Kudos to the Trailer:Vantage Point
I’ve now seen this trailer several times, and am a massive fan of it. I don’t know if ultimately I’ll like the film (the evil Arab bad guys motif is often recipe for stereotypes and lazy writing, and the scrolling Manichean pairings of “life-death,” “truth-lies,” “good-evil” in the trailer leave me concerned whether the script will be equally divided into tidy binaries), but the trailer‘s editing, look, concept, and cast all really jump out at me.
From the beginning, it’s a brilliantly edited trailer, with scene or image changes following the audio quite neatly, with captivating then breathless pacing, and with a nice balance of intrigue and action. It’s good on the small screen, but on a big screen it’s masterful: each of the four times I’ve seen it in a cinema now, it’s easily won the trailer sweepstakes for me.
It also seems to give surprisingly little of the plot away — yes, the president is shot, some Arab bad guys seem behind it, we learn the president was a decoy, and the real president seems to be in subsequent danger, but Dennis Quaid’s “something else is going to happen” seems the mantra for the trailer (much as Charlie’s “guys, where are we?” was a mantra for the equally intriguing Lost trailers in 2004). These days, it seems quite a skill to advertise a thriller — I don’t tend to watch many, not because I don’t like them, but because most are (or at least appear to be) ruined by the trailers. Trailers need to capture the tone of a film, and thrillers seem too much for many editors to handle — how do they show narrative intrigue and plot twists without spoiling the film left, right, and center? Advertising a comedy or an action film, by contrast, are so much easier — you just need to show a really funny joke or a fight sequence respectively. Jokes can be funny the second time, fight sequences too (especially if they involve free jumping. I love free jumping), but spoil the plot twist and you can’t go back on that. This trailer here, though, handles the issue with skill.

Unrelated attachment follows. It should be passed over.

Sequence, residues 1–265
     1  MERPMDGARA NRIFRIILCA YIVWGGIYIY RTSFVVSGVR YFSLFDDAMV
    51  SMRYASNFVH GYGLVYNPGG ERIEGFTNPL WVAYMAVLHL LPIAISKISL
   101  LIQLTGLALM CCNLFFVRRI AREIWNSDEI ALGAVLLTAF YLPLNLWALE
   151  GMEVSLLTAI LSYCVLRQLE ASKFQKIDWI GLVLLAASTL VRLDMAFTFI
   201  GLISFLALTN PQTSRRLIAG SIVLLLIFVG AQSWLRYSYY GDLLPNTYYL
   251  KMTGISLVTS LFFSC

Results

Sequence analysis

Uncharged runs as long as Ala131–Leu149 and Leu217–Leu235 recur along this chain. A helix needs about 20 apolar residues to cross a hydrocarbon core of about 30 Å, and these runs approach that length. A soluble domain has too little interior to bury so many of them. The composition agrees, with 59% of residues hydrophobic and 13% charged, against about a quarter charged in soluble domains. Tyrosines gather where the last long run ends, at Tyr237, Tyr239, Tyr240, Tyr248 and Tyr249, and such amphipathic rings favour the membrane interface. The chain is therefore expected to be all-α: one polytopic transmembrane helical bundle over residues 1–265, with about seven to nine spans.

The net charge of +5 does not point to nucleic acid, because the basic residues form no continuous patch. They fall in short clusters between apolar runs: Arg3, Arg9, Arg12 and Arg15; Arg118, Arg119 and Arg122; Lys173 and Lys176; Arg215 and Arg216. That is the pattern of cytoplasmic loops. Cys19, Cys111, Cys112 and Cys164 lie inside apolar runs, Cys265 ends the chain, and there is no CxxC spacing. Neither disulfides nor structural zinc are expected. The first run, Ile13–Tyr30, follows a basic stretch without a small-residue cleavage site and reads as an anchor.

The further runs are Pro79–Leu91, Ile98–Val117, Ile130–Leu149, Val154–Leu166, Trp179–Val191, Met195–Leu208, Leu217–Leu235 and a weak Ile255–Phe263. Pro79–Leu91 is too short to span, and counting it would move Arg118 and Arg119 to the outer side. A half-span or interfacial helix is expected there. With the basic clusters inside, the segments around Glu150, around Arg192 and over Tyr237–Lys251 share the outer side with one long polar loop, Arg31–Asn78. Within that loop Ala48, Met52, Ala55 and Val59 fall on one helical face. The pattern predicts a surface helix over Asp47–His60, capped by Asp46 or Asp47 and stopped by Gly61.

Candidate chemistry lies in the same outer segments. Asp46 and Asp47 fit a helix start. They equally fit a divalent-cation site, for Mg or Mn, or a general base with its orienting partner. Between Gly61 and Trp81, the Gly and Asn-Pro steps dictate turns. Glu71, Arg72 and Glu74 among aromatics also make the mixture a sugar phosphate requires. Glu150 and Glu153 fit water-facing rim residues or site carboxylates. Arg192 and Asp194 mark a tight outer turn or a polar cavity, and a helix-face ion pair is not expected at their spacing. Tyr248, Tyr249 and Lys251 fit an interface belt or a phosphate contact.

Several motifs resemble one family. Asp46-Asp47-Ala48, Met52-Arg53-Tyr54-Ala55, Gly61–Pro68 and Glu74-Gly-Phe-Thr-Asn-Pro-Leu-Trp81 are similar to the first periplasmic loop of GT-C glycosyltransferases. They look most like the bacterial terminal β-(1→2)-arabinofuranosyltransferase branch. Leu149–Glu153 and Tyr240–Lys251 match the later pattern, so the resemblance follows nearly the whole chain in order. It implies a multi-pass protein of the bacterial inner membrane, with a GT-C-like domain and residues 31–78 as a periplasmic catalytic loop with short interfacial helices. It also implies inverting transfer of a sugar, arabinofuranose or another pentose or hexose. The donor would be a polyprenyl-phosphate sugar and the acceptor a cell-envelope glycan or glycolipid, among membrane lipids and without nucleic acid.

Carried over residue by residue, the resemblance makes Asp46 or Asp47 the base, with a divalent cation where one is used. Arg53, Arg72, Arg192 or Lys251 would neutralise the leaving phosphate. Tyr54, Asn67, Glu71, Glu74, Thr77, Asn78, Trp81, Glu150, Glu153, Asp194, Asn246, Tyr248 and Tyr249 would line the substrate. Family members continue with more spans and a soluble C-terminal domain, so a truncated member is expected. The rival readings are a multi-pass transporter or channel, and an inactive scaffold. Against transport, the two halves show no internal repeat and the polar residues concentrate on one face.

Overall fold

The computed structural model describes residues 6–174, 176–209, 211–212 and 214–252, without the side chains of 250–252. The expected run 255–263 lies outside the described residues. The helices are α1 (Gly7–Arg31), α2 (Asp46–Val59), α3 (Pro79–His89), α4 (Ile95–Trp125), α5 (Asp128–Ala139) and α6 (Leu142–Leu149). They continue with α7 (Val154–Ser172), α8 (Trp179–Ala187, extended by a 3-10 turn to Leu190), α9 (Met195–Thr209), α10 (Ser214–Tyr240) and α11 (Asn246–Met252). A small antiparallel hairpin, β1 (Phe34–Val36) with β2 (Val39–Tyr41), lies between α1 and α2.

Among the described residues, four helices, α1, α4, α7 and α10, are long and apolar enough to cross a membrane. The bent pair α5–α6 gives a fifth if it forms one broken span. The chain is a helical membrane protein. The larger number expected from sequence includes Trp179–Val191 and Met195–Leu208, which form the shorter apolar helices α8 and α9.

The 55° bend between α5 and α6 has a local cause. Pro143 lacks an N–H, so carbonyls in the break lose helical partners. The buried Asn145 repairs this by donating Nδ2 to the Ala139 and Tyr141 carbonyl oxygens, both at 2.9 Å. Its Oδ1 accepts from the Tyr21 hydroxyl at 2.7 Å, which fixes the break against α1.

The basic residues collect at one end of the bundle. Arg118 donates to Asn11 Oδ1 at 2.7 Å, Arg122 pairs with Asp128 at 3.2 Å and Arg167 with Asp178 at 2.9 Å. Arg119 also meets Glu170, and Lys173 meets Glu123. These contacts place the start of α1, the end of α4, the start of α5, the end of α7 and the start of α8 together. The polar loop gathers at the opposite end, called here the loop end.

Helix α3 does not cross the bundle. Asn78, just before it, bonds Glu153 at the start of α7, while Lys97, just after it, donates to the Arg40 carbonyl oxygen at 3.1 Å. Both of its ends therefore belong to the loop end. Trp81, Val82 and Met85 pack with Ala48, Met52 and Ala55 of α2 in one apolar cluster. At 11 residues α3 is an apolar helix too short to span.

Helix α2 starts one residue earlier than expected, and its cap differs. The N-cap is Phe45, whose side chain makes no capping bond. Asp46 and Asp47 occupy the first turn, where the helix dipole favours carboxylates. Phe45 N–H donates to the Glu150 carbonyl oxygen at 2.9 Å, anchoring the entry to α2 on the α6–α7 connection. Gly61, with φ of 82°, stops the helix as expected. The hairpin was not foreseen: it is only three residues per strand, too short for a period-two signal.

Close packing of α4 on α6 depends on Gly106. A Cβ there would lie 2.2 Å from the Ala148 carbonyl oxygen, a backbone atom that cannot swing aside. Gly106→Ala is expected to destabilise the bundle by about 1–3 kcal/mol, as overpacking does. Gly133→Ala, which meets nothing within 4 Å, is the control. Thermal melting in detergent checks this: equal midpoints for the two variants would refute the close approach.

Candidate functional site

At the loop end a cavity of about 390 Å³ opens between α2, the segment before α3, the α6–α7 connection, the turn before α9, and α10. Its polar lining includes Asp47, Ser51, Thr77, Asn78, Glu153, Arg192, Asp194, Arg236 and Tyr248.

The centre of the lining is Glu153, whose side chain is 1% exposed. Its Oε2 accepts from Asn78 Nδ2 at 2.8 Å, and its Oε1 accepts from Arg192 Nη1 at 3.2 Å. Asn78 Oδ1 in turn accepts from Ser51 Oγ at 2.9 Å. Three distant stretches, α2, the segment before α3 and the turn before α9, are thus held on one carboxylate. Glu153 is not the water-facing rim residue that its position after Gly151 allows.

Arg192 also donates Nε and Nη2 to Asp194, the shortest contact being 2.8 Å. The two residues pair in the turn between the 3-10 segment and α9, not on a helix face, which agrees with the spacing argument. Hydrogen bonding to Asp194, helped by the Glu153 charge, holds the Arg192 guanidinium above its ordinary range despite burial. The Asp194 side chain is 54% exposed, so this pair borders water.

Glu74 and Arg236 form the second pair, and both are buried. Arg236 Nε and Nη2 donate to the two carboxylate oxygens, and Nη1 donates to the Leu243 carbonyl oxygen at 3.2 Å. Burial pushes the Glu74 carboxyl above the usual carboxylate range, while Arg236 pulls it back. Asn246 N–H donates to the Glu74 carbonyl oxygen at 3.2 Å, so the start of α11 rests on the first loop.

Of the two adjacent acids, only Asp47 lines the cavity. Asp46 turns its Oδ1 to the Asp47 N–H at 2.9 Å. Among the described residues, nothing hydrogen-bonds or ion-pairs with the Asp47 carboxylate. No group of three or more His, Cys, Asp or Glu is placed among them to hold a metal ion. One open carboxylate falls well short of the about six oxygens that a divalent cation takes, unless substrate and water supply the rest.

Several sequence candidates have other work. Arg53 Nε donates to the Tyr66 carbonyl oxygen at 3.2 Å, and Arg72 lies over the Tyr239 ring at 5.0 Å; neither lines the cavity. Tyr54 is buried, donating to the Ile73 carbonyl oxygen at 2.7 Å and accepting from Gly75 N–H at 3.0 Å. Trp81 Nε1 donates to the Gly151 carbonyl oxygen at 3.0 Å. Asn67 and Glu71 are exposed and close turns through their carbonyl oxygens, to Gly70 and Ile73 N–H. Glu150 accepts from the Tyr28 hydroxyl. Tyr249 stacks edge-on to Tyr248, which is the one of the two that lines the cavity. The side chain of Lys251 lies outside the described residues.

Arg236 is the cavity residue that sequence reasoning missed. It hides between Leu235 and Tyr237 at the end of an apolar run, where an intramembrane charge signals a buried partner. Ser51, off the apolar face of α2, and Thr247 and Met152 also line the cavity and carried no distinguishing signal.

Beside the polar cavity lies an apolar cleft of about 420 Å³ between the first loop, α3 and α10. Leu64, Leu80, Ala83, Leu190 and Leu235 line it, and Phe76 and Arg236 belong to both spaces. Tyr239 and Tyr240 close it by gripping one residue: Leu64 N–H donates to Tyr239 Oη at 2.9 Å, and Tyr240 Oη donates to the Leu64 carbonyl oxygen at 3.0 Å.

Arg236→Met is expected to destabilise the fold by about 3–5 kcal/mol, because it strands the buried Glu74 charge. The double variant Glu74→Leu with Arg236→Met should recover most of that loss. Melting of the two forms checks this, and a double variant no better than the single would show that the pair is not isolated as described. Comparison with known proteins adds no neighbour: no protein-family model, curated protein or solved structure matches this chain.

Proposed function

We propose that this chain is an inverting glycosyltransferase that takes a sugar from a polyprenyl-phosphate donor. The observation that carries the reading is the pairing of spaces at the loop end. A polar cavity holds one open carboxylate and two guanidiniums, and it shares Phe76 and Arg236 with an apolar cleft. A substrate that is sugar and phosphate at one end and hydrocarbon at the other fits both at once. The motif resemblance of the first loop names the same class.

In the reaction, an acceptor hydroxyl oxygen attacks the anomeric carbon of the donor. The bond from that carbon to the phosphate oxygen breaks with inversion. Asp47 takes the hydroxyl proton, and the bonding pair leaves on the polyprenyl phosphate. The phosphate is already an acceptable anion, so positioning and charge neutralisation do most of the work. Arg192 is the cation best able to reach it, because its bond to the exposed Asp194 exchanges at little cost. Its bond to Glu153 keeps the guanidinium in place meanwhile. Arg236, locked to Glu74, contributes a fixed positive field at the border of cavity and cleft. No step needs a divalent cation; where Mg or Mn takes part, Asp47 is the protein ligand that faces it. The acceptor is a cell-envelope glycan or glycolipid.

And, segueing off my previous post on casting, the combination of William Hurt, Matthew Fox (complete with good Jack-faces aplenty), Sigourney Weaver, Forest Whitaker, and Dennis Quaid is intriguing in and of itself. It’s Smoke meets Lost meets Alien meets Ghost Dog: Way of the Samurai meets, um, errr, Jaws 3D. Sounded good till the end there, didn’t it.Tags: trailers, Vantage Point